reasons while family problems triggered 23.8%, according to the National Crime Records Bureau (NCRB) which recently published the 2007 statistics.

Members of the Save Indian Family Foundation (SIFF) on Monday drew attention to these statistics, which also show that every year, the number of men committing suicide is much higher than that of women.

More married men (57,593) committed suicide last year than married women (30,064). “In 11 years, 1,56,000 married men killed themselves due to domestic violence. Yet, the government doesn’t feel the need to protect
them. Society ridicules them as weak and irresponsible and cites financial reasons as the cause of their suicide. Also, there is a hue and cry when women commit suicide and the husbands’ family is dragged to the police station on suspicion that they must have forced her to suicide. For men, there is hardly any investigation, ” said Anil Kumar, secretary, SIFF.

The organization urged the government to set up a men’s welfare ministry and a national commission for men to study the problems, allocate a men’s budget, provide homes for those trapped in domestic violence, among other things.

Members of Children’s Rights Initiative for Shared Parenting (CRISP), a sister concern of SIFF, identified that men not allowed custody of their children was also an issue of concern leading to stress and depression among divorced men and, in some cases, suicide.

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Parents worsen rocky marriages

Posted by iluvshrutiverma on December 24, 2008

I completely agree: Shruti’s parents were so protective about their daughter that they wanted to control everything that happens in her life even after marriage. If they would not have interfered,  probably my wife and I would have understood each other and have had a happy married life.

*”Unwanted advice of parents should be avoided while tackling crisis situations in a relationship”*

A report published by a Florida-based marriage counsellor said parents may invariably accelerate the break up process if a marriage is on the rocks. “Unwanted advice of parents should be avoided while tackling crisis situations in a relationship. The couples ought to be independent to make their own decisions,” it said.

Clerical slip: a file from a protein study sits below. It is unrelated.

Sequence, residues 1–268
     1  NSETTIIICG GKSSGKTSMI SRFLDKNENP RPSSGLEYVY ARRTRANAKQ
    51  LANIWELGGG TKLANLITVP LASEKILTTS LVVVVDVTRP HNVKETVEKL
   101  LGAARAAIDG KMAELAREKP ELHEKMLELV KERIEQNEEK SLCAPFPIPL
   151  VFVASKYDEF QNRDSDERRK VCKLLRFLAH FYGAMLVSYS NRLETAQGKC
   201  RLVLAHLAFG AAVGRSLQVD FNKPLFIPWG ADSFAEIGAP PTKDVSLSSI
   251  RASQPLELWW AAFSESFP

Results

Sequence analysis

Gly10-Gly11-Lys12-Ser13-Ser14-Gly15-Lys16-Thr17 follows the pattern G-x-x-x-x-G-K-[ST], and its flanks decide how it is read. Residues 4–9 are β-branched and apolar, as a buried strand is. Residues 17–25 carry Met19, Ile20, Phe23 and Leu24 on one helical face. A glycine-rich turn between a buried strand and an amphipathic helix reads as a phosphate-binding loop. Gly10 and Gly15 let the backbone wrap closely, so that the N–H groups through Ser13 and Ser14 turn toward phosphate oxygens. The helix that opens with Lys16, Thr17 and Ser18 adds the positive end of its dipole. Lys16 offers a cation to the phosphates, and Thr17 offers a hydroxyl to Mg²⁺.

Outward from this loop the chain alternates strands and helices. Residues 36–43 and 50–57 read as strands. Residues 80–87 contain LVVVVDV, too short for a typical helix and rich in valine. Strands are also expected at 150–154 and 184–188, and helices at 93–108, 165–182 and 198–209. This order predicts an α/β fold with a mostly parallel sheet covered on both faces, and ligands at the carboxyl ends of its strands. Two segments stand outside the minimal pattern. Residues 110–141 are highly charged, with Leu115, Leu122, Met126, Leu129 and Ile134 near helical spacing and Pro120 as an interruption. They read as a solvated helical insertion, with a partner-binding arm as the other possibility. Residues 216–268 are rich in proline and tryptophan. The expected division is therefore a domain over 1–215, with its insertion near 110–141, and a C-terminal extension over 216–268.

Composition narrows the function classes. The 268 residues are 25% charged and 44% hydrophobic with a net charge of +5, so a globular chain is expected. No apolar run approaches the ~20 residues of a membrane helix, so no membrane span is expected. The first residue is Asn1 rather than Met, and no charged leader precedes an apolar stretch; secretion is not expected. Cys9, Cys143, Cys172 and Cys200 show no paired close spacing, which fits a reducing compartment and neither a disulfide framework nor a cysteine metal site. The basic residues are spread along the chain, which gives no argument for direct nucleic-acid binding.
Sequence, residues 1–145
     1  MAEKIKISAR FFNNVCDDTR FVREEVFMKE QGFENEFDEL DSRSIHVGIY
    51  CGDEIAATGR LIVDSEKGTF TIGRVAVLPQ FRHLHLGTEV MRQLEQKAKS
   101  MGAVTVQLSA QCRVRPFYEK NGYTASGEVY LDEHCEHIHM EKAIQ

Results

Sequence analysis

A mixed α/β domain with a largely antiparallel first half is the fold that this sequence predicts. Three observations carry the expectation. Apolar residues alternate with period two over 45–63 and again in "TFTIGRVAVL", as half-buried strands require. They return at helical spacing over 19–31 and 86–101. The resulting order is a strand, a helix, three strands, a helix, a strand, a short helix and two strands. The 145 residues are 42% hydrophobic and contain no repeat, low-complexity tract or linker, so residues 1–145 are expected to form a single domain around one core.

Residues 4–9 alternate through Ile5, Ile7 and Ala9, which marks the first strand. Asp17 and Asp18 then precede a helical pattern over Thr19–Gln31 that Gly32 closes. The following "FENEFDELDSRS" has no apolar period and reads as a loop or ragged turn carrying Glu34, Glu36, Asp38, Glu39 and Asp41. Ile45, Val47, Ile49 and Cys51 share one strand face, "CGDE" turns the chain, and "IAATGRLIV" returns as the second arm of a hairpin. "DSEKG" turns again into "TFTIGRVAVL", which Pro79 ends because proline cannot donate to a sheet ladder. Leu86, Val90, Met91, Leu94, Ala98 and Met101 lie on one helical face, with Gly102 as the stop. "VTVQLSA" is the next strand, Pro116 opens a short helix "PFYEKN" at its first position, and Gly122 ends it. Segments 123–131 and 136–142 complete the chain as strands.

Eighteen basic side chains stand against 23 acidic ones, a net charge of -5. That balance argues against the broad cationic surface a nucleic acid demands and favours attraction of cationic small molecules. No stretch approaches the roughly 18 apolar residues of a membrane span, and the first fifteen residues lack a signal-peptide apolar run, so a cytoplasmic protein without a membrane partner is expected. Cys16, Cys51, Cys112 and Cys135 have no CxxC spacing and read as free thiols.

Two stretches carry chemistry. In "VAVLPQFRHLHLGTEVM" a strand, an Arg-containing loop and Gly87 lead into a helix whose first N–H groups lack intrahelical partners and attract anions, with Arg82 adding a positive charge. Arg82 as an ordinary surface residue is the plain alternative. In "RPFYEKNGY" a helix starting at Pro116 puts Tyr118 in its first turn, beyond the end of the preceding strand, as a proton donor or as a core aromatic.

Dr Rajan Bhonsle, a Mumbaibased marriage counsellor says, “Parents are very possessive about their children. Somehow, they become jealous of the new person in their children’s life. They don’t want to give away their children
even after marriage and keep pouring in advice — which very often is one of the major causes of a marriage break up.” He feels the situation can become more vulnerable in the initial stage of a marriage, as there is a lack of understanding already, and parents’ biased advice just adds to it. This becomes an even bigger problem when the other partner is not liked by the parents.

However, Dr Jyoti Sangle, visiting psychiatrist at Hiranandani Hospital says, “A marriage is made between two mature individuals. They need to be responsible, and so you can’t solely blame parental advice for a split.” She says that parents always have a soft corner for their child, and so they often fail to analyse the situation rationally. It is also because there are so many personal and social emotions attached.

“Importantly, if a marriage is under stress, parents need to be informed about it. But always seek advice from professionals — someone who can look at the situation objectively, like marriage counsellors,” adds Dr Sangle.

Dr Bhonsle warns that as a mature individuals, couples must communicate with each other regularly and openly, as a lack of communication only adds to the problem. “Selfishness, ingratitude and lack of understanding are the
hallmarks of an unhappy marriage,” he adds, “And in this case, it is vital that the couple be independent enough to take their decisions.” Dr Sangle adds, “When you see problems in your marriage, always seek professional help. But understanding, communication and respect is important to keep a marriage alive.”
http://www.dc-epaper.com/DC/DCB/2008/12/23/ArticleHtmls/23_12_2008_110_004.shtml?Mode=1

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Women cling to clothes longer than marriages

Posted by iluvshrutiverma on December 24, 2008

Women cling to clothes longer than hubbies

22 Dec 2008, 0000 hrs IST, ANI
http://timesofindia .indiatimes. com/Lifestyle/ Women_cling_ to_clothes_ longer_than_ hubbies/articles how/3797516. cms